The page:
Families and Cultural Diversity
This course will enable students to develop a critical understanding of the diversity of family forms in their cultural contexts. Families all over the world have diverse forms and culture plays an important role in enabling a nurturing environment for its members. Culture is often interpreted, understood and fostered through practice of oral traditions, norms, rituals, rites, and ceremonies. Every community develops a culture based on the geography, and socio-political and economic situations with which it is continuously engaging, interacting and also shaping. Families within specific cultural contexts develop norms of behaviour, dress, language and script, which often change with interaction with others from different cultures. Students will be introduced to theoretical framings of the complexity of family cultural situations whereby cultures can both reinforce power to some thereby privileging them and oppressing others, as well as be creative expressions of freedom, joy, tolerance and togetherness, providing comfort, security and identity. The course will explore global trends and the impact of globalisation on families. Students will develop the capacity to recognise, accept and work with diversity of culture and family form.
ALL STUDENTS should enrol in the SEMESTER offering of this course, with the exception of students enrolled in the specialisation 'International Family Studies'. The TRIMESTER offering of this course is available only to students enrolled in the specialisation 'International Family Studies'. It is delivered by the Global Consortium of International Family Studies (GCIFS), and IFS students will be enrolled in the University of Nebraska-Lincoln Blackboard course site.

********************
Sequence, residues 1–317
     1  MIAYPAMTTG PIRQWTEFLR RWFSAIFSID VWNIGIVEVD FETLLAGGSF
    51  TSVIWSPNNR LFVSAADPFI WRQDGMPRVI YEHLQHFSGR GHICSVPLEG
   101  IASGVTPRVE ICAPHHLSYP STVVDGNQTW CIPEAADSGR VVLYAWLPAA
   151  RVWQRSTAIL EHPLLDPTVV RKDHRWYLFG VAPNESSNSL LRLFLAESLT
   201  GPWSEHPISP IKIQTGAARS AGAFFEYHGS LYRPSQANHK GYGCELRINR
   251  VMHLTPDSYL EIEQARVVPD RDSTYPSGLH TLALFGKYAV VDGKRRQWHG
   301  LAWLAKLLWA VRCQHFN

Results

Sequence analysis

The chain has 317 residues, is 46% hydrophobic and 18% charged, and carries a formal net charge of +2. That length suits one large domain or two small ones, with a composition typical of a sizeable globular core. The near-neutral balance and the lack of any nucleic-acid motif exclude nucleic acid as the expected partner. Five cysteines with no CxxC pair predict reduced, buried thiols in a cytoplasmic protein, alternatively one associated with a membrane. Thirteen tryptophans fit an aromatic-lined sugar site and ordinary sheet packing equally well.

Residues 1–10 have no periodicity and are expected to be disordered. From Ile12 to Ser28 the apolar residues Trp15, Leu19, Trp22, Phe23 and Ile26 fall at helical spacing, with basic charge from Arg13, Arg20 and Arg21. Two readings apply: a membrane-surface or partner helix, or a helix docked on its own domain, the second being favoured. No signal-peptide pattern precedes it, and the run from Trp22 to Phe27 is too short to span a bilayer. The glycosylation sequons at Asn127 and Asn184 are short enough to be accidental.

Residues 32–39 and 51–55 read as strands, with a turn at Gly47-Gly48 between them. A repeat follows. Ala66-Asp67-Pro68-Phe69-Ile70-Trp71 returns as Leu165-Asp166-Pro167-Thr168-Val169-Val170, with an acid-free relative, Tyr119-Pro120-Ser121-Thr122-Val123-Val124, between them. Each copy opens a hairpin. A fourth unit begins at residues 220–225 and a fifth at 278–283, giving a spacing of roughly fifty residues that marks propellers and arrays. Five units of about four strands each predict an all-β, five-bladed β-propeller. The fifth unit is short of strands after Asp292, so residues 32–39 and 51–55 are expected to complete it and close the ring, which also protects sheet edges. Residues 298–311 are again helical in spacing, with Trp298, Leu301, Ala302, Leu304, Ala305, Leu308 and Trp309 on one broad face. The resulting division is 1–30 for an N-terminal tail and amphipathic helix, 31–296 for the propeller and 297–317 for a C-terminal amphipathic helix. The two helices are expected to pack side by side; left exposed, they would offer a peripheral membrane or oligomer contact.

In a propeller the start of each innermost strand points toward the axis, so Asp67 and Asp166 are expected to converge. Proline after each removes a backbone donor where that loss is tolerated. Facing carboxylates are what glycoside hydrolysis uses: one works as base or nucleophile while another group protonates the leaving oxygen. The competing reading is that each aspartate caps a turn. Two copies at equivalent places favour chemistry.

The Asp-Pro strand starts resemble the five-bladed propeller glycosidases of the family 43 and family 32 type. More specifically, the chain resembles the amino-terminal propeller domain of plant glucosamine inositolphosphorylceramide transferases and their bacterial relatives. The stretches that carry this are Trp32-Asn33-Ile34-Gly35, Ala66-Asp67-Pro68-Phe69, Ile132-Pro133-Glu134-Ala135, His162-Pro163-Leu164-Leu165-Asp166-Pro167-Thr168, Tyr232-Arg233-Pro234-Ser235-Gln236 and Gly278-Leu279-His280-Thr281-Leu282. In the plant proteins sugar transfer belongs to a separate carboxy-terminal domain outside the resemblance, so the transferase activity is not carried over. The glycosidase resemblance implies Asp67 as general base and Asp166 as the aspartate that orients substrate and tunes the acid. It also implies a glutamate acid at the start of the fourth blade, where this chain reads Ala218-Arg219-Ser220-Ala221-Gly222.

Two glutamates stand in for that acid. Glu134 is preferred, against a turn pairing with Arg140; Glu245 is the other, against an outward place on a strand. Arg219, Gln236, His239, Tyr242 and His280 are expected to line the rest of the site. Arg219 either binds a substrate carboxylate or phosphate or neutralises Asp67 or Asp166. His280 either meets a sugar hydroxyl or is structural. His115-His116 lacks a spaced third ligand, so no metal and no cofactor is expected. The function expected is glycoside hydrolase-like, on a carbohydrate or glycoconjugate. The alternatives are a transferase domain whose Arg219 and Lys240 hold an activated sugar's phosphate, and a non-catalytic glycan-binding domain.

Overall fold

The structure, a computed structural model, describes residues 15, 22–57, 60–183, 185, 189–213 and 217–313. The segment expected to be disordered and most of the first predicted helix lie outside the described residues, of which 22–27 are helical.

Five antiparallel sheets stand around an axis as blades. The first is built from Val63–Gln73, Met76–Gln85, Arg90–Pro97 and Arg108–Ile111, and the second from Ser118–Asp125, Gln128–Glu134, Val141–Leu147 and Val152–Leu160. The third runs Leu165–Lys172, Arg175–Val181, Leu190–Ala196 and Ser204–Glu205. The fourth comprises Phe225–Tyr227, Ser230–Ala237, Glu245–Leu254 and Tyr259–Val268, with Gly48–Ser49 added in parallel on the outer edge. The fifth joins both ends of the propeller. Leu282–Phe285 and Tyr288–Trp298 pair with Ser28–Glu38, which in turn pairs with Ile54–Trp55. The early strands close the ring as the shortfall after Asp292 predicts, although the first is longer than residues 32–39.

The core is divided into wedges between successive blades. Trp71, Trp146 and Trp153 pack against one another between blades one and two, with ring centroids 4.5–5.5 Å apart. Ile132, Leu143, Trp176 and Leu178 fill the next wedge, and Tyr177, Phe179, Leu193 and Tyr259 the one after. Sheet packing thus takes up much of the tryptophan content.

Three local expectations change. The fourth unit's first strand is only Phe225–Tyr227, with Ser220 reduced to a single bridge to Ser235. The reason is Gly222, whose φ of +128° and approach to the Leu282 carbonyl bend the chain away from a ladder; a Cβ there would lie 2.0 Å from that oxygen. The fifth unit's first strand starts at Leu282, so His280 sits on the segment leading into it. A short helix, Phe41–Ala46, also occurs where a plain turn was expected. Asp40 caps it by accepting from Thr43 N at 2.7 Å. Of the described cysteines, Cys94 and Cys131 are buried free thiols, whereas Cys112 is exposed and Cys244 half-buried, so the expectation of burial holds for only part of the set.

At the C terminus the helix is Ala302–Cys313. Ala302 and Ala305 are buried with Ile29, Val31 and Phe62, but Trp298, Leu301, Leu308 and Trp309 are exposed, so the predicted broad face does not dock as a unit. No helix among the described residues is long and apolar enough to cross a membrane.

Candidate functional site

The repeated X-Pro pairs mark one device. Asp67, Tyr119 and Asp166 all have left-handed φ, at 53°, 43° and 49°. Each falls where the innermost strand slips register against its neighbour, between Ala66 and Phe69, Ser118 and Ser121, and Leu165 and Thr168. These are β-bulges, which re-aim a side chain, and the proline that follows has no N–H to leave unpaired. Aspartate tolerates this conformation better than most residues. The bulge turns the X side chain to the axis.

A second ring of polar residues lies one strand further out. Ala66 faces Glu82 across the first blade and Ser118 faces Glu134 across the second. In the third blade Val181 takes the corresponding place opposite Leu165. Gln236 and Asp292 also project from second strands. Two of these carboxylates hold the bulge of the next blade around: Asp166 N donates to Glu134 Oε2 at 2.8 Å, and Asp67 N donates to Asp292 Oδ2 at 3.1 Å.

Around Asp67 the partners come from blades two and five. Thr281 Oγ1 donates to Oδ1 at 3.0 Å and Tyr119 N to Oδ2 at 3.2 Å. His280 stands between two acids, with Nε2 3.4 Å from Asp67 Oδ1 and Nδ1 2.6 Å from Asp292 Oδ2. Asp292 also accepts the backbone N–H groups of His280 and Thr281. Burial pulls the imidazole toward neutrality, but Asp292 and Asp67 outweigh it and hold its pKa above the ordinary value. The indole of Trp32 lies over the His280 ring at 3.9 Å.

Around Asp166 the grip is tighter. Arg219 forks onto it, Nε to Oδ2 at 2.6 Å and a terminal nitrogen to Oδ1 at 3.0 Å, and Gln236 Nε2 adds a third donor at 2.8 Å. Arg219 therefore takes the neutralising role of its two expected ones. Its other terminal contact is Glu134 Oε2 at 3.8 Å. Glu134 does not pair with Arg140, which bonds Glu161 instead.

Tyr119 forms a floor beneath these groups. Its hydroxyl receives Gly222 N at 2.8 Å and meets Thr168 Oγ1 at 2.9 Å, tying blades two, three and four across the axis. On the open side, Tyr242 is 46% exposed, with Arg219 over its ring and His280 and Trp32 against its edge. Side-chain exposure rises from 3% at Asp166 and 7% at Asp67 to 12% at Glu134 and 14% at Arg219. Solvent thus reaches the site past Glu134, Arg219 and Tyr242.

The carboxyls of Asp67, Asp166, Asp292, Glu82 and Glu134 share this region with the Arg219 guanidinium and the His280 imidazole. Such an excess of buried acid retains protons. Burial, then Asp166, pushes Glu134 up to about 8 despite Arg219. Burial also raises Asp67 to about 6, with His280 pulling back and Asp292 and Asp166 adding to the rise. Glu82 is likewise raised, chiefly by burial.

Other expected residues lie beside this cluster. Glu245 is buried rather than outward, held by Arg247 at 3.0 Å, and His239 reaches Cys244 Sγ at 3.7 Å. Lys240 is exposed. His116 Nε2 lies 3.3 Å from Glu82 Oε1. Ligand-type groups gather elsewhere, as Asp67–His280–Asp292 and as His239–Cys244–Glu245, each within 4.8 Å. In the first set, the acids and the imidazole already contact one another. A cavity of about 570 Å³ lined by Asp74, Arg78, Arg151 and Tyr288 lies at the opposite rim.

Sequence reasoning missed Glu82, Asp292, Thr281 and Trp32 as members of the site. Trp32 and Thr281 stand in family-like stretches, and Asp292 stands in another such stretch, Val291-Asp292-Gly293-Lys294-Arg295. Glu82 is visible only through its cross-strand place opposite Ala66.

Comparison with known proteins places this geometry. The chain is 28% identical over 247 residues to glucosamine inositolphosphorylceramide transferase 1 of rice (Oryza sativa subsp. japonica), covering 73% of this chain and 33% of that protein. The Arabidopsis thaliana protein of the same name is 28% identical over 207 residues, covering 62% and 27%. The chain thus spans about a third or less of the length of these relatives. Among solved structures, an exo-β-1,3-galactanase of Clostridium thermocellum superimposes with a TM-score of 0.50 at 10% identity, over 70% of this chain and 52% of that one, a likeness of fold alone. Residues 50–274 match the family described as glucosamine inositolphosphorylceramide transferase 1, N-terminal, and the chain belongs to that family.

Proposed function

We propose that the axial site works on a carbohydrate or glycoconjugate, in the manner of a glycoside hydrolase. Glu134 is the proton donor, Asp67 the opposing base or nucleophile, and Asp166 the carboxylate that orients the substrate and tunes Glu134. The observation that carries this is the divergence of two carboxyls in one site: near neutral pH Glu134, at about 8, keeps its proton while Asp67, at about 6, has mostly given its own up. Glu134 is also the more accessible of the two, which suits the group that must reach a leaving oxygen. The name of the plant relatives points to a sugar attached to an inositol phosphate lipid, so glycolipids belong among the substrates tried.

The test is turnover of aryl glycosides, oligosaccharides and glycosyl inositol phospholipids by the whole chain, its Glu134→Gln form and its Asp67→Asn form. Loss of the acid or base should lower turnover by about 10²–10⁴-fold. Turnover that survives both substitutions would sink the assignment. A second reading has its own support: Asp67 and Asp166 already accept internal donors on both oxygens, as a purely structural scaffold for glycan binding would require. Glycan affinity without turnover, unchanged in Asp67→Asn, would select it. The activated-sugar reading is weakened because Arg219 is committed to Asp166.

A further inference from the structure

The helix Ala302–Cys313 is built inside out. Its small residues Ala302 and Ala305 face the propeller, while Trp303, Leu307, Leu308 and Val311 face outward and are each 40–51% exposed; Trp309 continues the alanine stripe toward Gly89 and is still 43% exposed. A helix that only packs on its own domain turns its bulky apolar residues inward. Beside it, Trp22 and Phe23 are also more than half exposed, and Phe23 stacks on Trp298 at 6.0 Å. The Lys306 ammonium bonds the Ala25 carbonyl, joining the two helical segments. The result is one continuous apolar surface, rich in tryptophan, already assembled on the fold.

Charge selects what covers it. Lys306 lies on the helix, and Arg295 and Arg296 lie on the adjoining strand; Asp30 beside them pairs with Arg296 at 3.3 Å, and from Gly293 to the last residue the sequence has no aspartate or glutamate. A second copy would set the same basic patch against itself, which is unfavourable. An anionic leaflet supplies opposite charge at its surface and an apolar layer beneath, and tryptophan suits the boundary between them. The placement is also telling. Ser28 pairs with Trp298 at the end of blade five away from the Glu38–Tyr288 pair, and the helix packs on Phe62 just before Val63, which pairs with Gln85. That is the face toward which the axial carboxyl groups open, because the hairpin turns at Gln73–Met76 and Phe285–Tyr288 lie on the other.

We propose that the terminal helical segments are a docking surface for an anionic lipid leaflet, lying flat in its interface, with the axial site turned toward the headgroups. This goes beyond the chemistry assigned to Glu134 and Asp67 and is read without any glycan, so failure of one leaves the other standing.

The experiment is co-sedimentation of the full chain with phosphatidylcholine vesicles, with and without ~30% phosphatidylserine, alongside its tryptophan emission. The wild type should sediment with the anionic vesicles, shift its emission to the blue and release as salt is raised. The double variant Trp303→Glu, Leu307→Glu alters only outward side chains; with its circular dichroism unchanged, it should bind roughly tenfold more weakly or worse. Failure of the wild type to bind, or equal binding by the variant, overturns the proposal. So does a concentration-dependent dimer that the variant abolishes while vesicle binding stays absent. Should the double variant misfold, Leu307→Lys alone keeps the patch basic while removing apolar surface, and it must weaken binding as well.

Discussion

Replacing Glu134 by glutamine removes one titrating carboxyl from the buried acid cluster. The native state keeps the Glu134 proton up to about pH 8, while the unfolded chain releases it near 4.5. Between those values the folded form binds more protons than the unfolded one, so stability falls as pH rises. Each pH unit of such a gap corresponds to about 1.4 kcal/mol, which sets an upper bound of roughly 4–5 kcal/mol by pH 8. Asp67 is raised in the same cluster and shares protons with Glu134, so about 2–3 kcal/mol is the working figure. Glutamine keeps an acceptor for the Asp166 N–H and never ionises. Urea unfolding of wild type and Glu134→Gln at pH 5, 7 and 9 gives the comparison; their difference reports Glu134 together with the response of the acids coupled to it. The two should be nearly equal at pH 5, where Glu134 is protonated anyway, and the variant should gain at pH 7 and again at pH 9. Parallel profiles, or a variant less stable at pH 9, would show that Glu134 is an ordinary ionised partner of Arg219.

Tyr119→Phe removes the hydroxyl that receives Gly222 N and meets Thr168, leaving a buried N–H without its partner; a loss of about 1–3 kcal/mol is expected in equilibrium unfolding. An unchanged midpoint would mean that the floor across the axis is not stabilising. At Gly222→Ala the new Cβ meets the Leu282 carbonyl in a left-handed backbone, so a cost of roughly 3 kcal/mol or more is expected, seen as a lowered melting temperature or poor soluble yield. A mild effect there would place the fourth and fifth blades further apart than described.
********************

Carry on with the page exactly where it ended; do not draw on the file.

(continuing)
Please note that GCIFS term dates are earlier than UON: Trimester 1 - Monday 19 January, 2016
- Trimester 1 - 2016
- Semester 2 - 2016
1. Demonstrate an understanding of concepts and meanings of culture.
2. Demonstrate a capacity to recognise, accept and work with diversity of culture and family form
3. Demonstrate capacity to analyse the strengths and challenges of different family forms in their cultural and global contexts.
4. Demonstrate understanding of the intersection of class, race, caste, ethnicity, region, religion, sexuality and gender.
5. Demonstrate capacity to make international comparisons of different family patterns and their implications for policy, research and inclusive practice.
6. Demonstrate capacity to facilitate cross-cultural networks.
- Concepts of culture, race, caste, ethnicity, transculture and diversity e.g. role of kinship and networks
- Understanding differing contexts (socio-cultural, economic and political) of families.
- Locating convergence and diversity between diverse cultures and family forms- local to international
- Understanding of power, disempowerment and empowerment within select families through critical analysis of age, sexuality and gender.
- Multi-cultural families and their unique experiences.
- Globalisation, its impact on families in different parts of the world and the implications for family research policy and practice
Undergraduate degree in relevant discipline or equivalent professional experience in the field. Preferred course sequence: where possible, take this course after completing HLSC6106.
Online Learning Activity: Online Learning Activity
Written Assignment: Written Assignment
Self-Directed 10 hour(s) per Week for Full Term